“Take in some sights, check out some history, find a nice place on the harbor to … hang out, and then grab ourselves a cannoli from my favorite hidden-gem bakery.”
We don’t employ this cliche often, but really, Jimbo Williamson isn’t your typical tour guide. Especially in Boston, where many of the working pros in that biz wear bronze-buckle shoes and lace jabots.
As for Jimbo’s getup, he’s known as the Tye Dyed Tourguide (yes, spelled like that), so you figure it out. We asked about the origins of his walking persona and his current ongoing offerings, which we attest are as appropriate for locals as they are for out-of-towners.
Tell us a little bit about the Tye Dyed Tourguide. What are some of the experiences you have led in the past?
Well, I’m Jimbo and I’m the Tye Dyed Tourguide. I’m proud to call myself one of the best tour guides in Boston. I’ve worked for a decade for other tour groups—I’ve had nearly 10,000 [tourists] join me over the years, from other pizza tours to Segway tours—and decided over COVID to start my own little tour. I made an internal pact to stay as true to myself as I could, and to only give tours about things I myself love. I promised I’d make this as fun for me as it is for my guests.
As much as people come on my tour for the chance to eat pizza and drink beer, or smoke weed and eat pastries, I have found that people come because they don’t want some old, stodgy dude in tights giving them the brick-by-brick tour of the city. They want a young, goofy local to crack some jokes, bust some balls, and show them the real Boston as only a ball-busting, goofy local can do.
All jokes aside, I take my role as an ambassador to this city really seriously. Oftentimes I’m one of the few people that folks who travel here get to have a real interaction with. It’s usually a couple minutes with a waiter here and there, maybe chatting up the concierge. We get to shoot the shit and walk around for two hours. It’s such a unique scenario where I can be the one to help set the tone for their trip, and show them we’re not all a bunch of massholes.
It seems like tours in general are a great safe pandemic activity. Is that how it’s generally seen? And what safety measures do you have in place?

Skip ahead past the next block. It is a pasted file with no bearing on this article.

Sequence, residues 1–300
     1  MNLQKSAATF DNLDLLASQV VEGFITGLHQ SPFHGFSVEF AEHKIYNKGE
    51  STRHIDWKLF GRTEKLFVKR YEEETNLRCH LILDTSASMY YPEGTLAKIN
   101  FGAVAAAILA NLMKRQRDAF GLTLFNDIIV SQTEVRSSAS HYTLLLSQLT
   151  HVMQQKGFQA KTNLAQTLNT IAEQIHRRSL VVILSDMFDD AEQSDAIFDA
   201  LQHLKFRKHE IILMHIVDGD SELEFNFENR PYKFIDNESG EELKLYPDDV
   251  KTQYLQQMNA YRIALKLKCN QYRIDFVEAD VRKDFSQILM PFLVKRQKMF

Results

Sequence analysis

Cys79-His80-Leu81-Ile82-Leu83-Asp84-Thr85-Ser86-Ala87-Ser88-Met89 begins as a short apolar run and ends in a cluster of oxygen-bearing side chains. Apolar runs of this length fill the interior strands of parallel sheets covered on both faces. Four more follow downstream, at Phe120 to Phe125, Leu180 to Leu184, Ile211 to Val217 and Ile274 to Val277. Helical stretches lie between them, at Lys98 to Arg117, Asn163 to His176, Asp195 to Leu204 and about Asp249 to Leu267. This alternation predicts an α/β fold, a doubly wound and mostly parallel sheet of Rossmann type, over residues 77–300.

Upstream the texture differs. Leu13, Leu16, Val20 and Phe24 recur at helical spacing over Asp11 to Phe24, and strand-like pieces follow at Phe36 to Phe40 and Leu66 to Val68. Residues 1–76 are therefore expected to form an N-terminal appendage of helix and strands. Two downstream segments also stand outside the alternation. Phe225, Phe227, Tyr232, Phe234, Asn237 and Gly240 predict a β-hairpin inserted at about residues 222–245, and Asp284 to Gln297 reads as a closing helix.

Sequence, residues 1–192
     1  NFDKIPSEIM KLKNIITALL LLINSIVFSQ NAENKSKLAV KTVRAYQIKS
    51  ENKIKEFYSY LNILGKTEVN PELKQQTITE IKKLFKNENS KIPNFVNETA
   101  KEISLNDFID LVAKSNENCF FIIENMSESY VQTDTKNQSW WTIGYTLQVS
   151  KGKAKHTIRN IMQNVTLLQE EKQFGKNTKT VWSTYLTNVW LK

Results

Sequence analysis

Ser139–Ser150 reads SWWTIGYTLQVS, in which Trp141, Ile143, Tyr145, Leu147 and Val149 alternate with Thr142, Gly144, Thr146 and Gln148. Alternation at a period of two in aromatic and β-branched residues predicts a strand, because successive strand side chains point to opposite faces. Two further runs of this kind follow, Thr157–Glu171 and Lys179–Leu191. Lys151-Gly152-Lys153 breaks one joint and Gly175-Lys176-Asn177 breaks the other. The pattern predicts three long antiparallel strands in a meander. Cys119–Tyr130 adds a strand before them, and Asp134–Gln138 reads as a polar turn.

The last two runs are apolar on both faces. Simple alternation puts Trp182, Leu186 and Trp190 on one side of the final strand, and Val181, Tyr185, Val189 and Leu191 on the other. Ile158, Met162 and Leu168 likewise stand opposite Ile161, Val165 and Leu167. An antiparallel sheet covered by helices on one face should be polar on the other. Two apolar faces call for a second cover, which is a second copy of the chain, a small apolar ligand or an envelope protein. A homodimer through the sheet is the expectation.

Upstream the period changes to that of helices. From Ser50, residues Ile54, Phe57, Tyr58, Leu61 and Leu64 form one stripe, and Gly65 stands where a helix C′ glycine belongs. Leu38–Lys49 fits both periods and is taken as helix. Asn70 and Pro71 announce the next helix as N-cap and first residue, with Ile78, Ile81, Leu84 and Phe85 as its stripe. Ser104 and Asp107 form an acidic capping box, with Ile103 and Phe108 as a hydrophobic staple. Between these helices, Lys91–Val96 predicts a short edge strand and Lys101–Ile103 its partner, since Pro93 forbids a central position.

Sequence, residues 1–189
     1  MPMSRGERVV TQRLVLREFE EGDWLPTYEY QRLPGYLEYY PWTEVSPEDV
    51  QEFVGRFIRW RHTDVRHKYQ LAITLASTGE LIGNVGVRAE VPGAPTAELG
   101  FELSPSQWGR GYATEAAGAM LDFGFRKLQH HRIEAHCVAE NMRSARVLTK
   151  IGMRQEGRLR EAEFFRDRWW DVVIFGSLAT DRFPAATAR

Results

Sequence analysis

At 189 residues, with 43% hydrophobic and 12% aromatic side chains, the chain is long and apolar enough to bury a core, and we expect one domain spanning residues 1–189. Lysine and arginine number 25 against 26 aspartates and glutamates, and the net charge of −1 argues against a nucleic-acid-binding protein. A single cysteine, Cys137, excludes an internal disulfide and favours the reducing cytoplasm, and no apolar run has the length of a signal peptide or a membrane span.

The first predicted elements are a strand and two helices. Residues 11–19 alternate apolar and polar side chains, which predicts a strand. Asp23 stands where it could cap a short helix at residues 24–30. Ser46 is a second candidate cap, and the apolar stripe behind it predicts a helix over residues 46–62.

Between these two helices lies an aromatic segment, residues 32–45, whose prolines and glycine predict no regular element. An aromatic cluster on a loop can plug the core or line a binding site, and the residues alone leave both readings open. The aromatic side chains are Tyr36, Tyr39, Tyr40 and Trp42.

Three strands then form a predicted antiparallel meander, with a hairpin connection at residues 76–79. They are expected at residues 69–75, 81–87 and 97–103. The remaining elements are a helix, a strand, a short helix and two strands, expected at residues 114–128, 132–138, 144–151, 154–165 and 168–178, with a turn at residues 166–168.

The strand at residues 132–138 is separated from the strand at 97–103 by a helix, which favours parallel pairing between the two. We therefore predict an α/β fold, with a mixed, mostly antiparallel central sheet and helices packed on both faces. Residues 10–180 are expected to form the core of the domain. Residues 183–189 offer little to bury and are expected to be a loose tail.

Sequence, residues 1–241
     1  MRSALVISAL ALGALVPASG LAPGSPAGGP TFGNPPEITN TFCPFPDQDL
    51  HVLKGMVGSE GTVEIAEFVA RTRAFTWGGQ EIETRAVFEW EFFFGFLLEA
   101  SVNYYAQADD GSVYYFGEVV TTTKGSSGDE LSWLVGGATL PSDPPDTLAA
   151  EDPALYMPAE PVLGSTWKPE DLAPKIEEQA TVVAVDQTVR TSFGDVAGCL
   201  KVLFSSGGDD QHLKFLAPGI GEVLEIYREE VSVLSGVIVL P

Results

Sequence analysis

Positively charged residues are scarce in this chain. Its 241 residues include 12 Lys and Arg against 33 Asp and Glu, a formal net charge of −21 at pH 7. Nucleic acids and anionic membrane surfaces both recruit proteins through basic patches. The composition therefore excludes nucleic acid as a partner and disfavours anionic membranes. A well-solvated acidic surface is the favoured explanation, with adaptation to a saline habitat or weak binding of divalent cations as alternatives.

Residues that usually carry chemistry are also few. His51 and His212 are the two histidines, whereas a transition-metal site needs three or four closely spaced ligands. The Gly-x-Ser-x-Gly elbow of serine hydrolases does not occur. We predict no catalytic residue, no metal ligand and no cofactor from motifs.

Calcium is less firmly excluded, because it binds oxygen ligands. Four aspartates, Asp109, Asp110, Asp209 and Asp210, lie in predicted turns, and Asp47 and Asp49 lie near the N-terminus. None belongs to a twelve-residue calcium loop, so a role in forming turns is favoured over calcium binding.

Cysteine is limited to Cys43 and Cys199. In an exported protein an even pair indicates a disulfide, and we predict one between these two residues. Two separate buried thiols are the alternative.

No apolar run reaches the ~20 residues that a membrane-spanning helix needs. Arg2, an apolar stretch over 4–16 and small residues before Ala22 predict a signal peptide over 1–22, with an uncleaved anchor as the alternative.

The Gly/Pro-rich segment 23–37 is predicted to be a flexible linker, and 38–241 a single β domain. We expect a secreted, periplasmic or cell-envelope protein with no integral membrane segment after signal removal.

Walking tours are a great pandemic activity, in that we’re spending time outdoors and unencumbered by masks (as directed by the state mandates), though we do still wear masks while walking to grab ourselves a beer and a slice of pizza. That said, it’s nice to be able to be outside with your friends and family for a guided activity, as either a tourist or a local.
So, first, you told us about your Boston pizza tour. While I know it may be like putting the cart before the horse, please tell us about the inspiration for the pizza tour before we get to the weed part.
I run the Pizza, Beer, and Paul Revere Tour in the North End. I worked for another amazing pizza tour for a few years, and literally one day had the idea for mine—the rhyme just hit me. I offered the idea to my boss at the time, and he politely shot it down. So, I decided to start off on my own … in 2020. But really, the inspiration comes as a part of my drive to show people the locals’ perspective on our city, to drop the schtick that some guides have and give these folks the experience of walking around with an old friend, which, of course, is the best way to see any city.
I’m bringing people to a pizza spot I’ve been going to since I was a kid with my dad that I used to travel a hour each way to come get. We grab a beer at my favorite little bar in the city, nestled among a strip of tourist traps. We get to see the parts of Boston that date back to pre-Revolutionary times. You forget about that history, sometimes, but people from say, Iowa, are absolutely floored when they’re standing in front of Paul Revere’s house which was built in the 1680s.